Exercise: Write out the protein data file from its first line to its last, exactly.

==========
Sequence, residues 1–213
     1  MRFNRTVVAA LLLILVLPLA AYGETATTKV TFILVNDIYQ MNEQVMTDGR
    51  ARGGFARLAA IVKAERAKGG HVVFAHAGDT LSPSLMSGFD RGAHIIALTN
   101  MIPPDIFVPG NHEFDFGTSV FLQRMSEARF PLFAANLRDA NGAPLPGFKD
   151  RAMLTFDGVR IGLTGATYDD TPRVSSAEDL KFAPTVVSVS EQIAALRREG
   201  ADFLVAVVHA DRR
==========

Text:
Sequence, residues 1–213
     1  MRFNRTVVAA LLLILVLPLA AYGETATTKV TFILVNDIYQ MNEQVMTDGR
    51  ARGGFARLAA IVKAERAKGG HVVFAHAGDT LSPSLMSGFD RGAHIIALTN
   101  MIPPDIFVPG NHEFDFGTSV FLQRMSEARF PLFAANLRDA NGAPLPGFKD
   151  RAMLTFDGVR IGLTGATYDD TPRVSSAEDL KFAPTVVSVS EQIAALRREG
   201  ADFLVAVVHA DRR